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Office of Traffic Safety

A Division of the Minnesota Department of Public Safety
 

Speed/Aggressive Driving

The Dangers of Illegal and Unsafe Speeding

Each year, illegal or unsafe speed is a leading contributing factor in Minnesota fatal crashes.
 
On average, speed contributes to:

 

  • 113 people were killed in speed-related crashes in 2018.
  • Summer months provide beautiful weather in Minnesota but the dry roads also allow for drivers to get complacent with speeding. During the 100 deadliest days (Memorial Day – Labor Day) in 2018, speed played a role in 29 fatalities.
  • During the 100 deadliest days in the past five years (2014-2018), numbers show that 117 people lost their lives in speed-related crashes.
  • In 2018, speed was a contributing factor in 25 percent of single-vehicle crashes.

Drive Minnesota Nice

  • Statistics show drivers are slowing down and being less aggressive. When comparing the five year periods of 2008 – 2012 to 2013 – 2017:
    • There has been a 7 percent reduction in speed-related fatalities.
    • There has been an 18 percent increase in serious injuries.
  • Weaving in and out of traffic causes other drivers to slam on the brakes or possibly weave to avoid a cash.
  • Aggressive driving, speeding and weaving through traffic give drivers less room for error.

Higher Speeds, Bigger Problems

  • Greater potential for loss of vehicle control.
  • Increased stopping distance.
  • Less time for driver response for crash avoidance.
  • Increased crash severity leading to more severe injuries and death.  

If Confronted with an Aggressive Driver:

  • Get out of their way; disengage.
  • Stay calm — reaching your destination safely is your goal.
  • Do not challenge them.
  • Avoid eye contact.
  • Ignore gestures and don’t return them.
  • Report aggressive driving (vehicle description, license number, location).

Increased stopping distance:

  • At 40 mph, braking distance is 79 feet, with total stopping distance with reaction time 118 feet
  • At 60 mph, braking distance is 180 feet, with total stopping distance with reaction time 240 feet
  • At 80 mph, braking distance is 315 feet, with total stopping distance with reaction time 394 feet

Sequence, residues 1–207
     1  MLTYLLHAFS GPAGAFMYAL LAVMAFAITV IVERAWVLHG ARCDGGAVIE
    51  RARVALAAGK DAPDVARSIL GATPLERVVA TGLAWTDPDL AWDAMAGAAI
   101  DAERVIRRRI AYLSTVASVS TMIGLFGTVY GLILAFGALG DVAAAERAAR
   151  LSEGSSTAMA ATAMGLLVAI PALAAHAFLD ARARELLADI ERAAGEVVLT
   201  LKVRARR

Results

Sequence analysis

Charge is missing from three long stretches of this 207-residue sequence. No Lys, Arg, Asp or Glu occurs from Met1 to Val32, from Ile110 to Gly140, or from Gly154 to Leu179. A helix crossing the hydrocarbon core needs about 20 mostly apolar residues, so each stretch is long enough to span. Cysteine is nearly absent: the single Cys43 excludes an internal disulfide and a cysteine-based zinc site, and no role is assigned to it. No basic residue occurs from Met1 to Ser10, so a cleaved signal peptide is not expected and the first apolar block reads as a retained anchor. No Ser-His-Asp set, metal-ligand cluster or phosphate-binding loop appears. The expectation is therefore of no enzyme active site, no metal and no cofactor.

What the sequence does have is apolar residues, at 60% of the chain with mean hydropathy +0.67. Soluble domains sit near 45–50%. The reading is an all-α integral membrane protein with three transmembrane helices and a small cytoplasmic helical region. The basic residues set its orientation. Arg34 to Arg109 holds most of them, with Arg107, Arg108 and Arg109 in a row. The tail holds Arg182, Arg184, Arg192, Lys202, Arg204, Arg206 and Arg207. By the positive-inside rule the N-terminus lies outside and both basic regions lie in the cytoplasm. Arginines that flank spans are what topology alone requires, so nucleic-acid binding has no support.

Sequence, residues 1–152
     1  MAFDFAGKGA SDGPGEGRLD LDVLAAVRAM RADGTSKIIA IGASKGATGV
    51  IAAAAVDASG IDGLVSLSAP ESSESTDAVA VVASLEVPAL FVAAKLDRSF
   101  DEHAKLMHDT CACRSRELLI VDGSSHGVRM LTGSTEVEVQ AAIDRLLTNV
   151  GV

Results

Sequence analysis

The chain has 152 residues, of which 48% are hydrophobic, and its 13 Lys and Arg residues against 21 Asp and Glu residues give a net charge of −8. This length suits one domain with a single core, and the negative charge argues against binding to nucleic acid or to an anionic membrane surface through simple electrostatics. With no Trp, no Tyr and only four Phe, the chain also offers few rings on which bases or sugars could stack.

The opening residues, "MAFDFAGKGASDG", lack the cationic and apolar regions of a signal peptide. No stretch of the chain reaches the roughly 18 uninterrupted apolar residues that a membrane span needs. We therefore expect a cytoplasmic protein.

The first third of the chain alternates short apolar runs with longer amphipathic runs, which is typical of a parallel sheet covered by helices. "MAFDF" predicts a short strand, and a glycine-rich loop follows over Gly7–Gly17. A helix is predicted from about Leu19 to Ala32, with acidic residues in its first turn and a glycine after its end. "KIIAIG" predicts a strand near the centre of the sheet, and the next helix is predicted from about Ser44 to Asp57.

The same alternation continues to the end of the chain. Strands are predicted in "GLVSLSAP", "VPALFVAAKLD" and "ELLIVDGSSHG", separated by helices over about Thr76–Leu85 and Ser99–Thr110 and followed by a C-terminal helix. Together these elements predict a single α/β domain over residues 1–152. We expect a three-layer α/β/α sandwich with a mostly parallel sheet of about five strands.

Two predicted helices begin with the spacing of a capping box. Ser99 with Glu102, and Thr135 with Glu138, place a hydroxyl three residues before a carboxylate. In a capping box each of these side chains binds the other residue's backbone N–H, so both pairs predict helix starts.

• At 100 mph, braking distance is 499 feet, with total stopping distance with reaction time 597 feet.

Resources
• DPS Speed Commercial
• DPS Speed PSA
 

Speed played a role in each of these crashes

 

Speak Up: Tell the driver to slow down

  • Tell the driver to obey the speed limit to protect their life and yours.
  •  Most speeders think they’re above-average drivers but they’re 60 percent more likely to be in a crash than the average driver (OTS High Risk Driver Study 2014).
  • Tell the driver to obey the speed limit to save money.
  • For every 5 mph over 50 mph, it’s like paying an additional 19-cents per gallon.
    • Traveling at 55 mph versus 45 mph for a 10-mile trip will only save a driver a little more than two minutes travel time. 
       

You are an aggressive driver if you:

  • Ignore traffic signals

  • Speed and tailgate

  • Weave in and out of traffic

  • Make improper lane changes frequently and abruptly

  • Pass on the shoulder

  • Make hand and facial gestures

  • Scream, honk and flash lights.

 

If confronted by an aggressive driver, you should:

 

  • Get out of their way.
  • Stay calm — reaching your destination safely is your goal.

  • Do not challenge them.

  • Avoid eye contact.

  • Ignore gestures and don’t return them.

  • Report aggressive driving (vehicle description, license number, location).

  • Always buckle up to maintain proper seating position in case of abrupt driving maneuvers.

Report Aggressive Drivers:

  • Find a safe place to call 911

  • Be prepared to provide location, vehicle description and license plate.

Tailgating

Motorists should keep at least a three-second following distance, as it takes more than the length of a football field to stop when traveling at 60 miles per hour.